Residential Wiring Issues & High Magnetic Fields
PART 3: Tracking Down Unnecessarily Strong, Stray Magnetic Fields
Many people are concerned about the Low Frequency, Alternating Current, Magnetic Field Radiation (further referred to as Magnetic Fields or MF) that is emitted by our modern electrical system and the devices we use every day. The following blog tracks down what can cause residential wiring issues and high magnetic fields.
Although the potential health effects are in dispute, many Building Biologists, myself included, recommend being aware of the magnetic field situation in your home and taking steps to reduce your exposure where practicable, especially in sleeping areas, where 6-8 hours per day is spent in the same location.
In Part One I discussed knob and tube wiring and the potential problems and issues that may arise if your home still contains legacy knob and tube, including strong magnetic fields.
In Part Two, I discussed the benefits of modern wiring, especially Romex, BX or MC, and wiring inside conduit.
In this installment I would like to discuss one of the most common causes of stray, strong magnetic fields in buildings equipped with modern wiring:
Neutral to Ground Connectivity
To be more precise, the issue is really Neutral to Ground Connectivity in a subpanel, or anywhere in the wiring system other than then Main Service Entrance.
Let’s take a step back and discuss where the magnetic fields in our buildings are coming from.
Strong Magnetic Fields inside a home or building can be caused by many factors:
1) External Sources such as high voltage transmission lines or a large transformer.
2) Point Sources such as:
- Devices with large electric motors, such as fans, refrigerators, clothes washers and dryers.
- Devices that draw a large current load, such as electric heaters, electric stovetops, toasters and toaster ovens, microwave ovens, and air conditioners.
- Other point sources such as electronic dimmer switches, Red LED screens, and plug in transformers.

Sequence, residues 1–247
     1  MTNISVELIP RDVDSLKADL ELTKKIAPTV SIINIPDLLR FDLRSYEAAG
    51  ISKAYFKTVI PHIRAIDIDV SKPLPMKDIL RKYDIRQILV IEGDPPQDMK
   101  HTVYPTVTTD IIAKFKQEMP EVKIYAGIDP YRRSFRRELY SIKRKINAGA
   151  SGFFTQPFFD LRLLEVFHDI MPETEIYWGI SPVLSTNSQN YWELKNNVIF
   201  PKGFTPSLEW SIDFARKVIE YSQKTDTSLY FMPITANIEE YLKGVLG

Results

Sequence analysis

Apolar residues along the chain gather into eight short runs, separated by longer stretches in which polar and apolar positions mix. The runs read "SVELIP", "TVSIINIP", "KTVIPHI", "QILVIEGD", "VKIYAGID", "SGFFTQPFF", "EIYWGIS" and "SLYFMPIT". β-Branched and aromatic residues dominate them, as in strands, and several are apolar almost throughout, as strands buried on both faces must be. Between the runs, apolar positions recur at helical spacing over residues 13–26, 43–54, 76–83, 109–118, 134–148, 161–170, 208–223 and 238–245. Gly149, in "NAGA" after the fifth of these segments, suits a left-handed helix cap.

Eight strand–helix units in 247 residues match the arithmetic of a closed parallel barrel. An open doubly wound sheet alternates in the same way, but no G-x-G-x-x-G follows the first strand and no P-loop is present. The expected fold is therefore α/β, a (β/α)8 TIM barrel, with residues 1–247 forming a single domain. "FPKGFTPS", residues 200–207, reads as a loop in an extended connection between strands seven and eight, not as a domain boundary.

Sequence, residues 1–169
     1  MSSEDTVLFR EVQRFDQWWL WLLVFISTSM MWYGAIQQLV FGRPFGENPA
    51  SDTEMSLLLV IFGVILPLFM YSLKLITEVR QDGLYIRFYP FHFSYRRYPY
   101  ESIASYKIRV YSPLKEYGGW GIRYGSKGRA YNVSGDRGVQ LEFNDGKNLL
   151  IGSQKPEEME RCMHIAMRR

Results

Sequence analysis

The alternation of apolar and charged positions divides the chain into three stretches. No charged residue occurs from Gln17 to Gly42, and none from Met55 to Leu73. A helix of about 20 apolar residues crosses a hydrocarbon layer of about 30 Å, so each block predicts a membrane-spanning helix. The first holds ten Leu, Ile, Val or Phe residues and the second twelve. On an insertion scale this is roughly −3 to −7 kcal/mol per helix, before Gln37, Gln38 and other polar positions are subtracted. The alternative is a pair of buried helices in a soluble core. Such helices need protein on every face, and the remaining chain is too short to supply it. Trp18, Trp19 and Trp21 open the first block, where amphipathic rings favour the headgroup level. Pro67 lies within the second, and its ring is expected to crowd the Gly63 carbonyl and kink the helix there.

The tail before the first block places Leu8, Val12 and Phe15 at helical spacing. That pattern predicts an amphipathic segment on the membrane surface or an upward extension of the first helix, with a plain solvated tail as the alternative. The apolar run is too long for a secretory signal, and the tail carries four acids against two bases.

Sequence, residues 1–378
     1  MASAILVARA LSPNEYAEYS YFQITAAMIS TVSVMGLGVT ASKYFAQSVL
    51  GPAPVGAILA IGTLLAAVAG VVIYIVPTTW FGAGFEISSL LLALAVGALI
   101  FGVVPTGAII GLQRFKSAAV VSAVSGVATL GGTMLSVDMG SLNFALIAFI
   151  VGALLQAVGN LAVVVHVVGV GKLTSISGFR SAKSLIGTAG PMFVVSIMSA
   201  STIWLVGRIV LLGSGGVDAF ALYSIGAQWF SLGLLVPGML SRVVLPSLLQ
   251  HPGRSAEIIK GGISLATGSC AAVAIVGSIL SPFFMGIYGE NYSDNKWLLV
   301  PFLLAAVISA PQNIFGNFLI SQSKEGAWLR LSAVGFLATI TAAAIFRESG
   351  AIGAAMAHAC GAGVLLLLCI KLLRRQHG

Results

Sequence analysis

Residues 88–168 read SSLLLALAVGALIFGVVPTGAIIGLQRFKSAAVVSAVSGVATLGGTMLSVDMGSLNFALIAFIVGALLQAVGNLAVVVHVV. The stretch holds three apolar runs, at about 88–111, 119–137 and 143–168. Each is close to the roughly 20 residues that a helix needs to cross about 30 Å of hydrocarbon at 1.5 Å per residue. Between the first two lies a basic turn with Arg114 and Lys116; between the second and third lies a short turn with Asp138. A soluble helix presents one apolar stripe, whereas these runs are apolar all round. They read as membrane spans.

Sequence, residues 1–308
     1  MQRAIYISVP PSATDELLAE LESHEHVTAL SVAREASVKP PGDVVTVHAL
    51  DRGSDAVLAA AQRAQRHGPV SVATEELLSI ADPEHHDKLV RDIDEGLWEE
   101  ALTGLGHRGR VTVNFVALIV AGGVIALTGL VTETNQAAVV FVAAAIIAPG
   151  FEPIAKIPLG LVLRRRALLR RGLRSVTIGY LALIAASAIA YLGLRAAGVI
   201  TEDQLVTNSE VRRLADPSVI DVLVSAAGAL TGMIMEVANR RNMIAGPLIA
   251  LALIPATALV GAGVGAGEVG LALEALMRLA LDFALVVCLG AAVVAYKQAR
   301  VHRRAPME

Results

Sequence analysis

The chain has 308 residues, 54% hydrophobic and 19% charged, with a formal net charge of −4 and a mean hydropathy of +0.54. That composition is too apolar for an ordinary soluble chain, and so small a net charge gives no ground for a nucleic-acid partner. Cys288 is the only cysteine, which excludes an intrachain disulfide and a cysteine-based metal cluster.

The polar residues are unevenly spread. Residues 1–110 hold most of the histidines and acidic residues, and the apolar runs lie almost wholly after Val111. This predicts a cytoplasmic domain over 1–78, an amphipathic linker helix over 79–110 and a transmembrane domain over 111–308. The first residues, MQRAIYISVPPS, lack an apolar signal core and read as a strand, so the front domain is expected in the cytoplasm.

3) Legacy Knob and Tube Wiring (discussed in Part 1)
4) Improper bonding of the electrical system to the building plumbing
5) Neutral Current from the neighborhood electrical system (not connected to your own meter) running through the water or gas pipe system into the building electrical system through the plumbing bonding (to be discussed in detail in a future installment).
6) Wiring Errors in building equipped with modern wiring such as:
- Neutral to Neutral connectivity, especially in a junction box.
- Miswired 3-way switches, i.e. using 2-wire instead of 3-wire Romex.
- Neutral to ground connectivity anywhere in the electrical system EXCEPT in the main service entrance panel.
Most point sources emit a strong magnetic field, but, if well designed and properly wired, should only emit a strong field within a 3-5 foot “bubble” or zone of influence. I recommend being aware of the point sources in your home and keeping significant point sources away from sleeping areas, work and leisure areas, and any place where occupants congregate for any significant period of time.
Since point sources can be fairly easily identified and exposure controlled, this leaves the more insidious magnetic fields caused by internal building residential wiring issues. In modern wired buildings, i.e. those not equipped with legacy knob and tube, this is likely due to wiring errors within the electrical system. Finding these errors can be difficult and time consuming, but once fixed are a permanent solution and can significantly decrease the magnetic field exposure in a building. Many of these residential wiring issues cause the electrical system to be less efficient and waste electricity and are also electrical and building code violations and can cause excess heat and potential fire hazards, as well as possible shock/electrocution hazards.
Strong magnetic fields due to wiring errors are most often caused by an imbalance between the supply (hot) and return (neutral) current. Electricity is somewhat like water in that it always wants to take the path of least resistance to complete its circuit. When neutral current is given multiple paths, the current can split and a portion can return on each path, creating an imbalance along the intended circuit, leading to strong magnetic fields.
The most common wiring error I have observed both in my time as an electrician and as an environmental inspector is by far Neutral to Ground Connectivity.